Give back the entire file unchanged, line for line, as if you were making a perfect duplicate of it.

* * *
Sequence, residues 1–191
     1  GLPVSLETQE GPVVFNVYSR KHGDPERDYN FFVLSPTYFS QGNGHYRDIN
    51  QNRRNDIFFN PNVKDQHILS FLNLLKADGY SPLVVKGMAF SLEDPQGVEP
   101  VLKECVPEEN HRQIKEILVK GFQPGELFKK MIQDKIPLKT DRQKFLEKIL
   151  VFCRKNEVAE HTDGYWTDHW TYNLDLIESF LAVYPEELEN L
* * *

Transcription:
Sequence, residues 1–191
     1  GLPVSLETQE GPVVFNVYSR KHGDPERDYN FFVLSPTYFS QGNGHYRDIN
    51  QNRRNDIFFN PNVKDQHILS FLNLLKADGY SPLVVKGMAF SLEDPQGVEP
   101  VLKECVPEEN HRQIKEILVK GFQPGELFKK MIQDKIPLKT DRQKFLEKIL
   151  VFCRKNEVAE HTDGYWTDHW TYNLDLIESF LAVYPEELEN L